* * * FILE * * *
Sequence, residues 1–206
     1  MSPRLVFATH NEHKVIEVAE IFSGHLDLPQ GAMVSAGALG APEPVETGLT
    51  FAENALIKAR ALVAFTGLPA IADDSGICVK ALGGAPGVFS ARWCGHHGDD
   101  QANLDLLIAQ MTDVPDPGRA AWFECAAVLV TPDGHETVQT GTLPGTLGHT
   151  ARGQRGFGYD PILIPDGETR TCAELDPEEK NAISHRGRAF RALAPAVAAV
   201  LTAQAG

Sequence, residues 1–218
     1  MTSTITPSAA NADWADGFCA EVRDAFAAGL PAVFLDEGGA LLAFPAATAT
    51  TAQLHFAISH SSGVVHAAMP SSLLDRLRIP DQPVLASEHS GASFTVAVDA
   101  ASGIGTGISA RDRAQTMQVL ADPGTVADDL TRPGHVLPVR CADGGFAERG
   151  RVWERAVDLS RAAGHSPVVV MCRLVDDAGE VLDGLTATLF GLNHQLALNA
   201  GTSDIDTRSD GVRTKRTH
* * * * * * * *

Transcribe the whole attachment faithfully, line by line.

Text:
Sequence, residues 1–206
     1  MSPRLVFATH NEHKVIEVAE IFSGHLDLPQ GAMVSAGALG APEPVETGLT
    51  FAENALIKAR ALVAFTGLPA IADDSGICVK ALGGAPGVFS ARWCGHHGDD
   101  QANLDLLIAQ MTDVPDPGRA AWFECAAVLV TPDGHETVQT GTLPGTLGHT
   151  ARGQRGFGYD PILIPDGETR TCAELDPEEK NAISHRGRAF RALAPAVAAV
   201  LTAQAG

Sequence, residues 1–218
     1  MTSTITPSAA NADWADGFCA EVRDAFAAGL PAVFLDEGGA LLAFPAATAT
    51  TAQLHFAISH SSGVVHAAMP SSLLDRLRIP DQPVLASEHS GASFTVAVDA
   101  ASGIGTGISA RDRAQTMQVL ADPGTVADDL TRPGHVLPVR CADGGFAERG
   151  RVWERAVDLS RAAGHSPVVV MCRLVDDAGE VLDGLTATLF GLNHQLALNA
   201  GTSDIDTRSD GVRTKRTH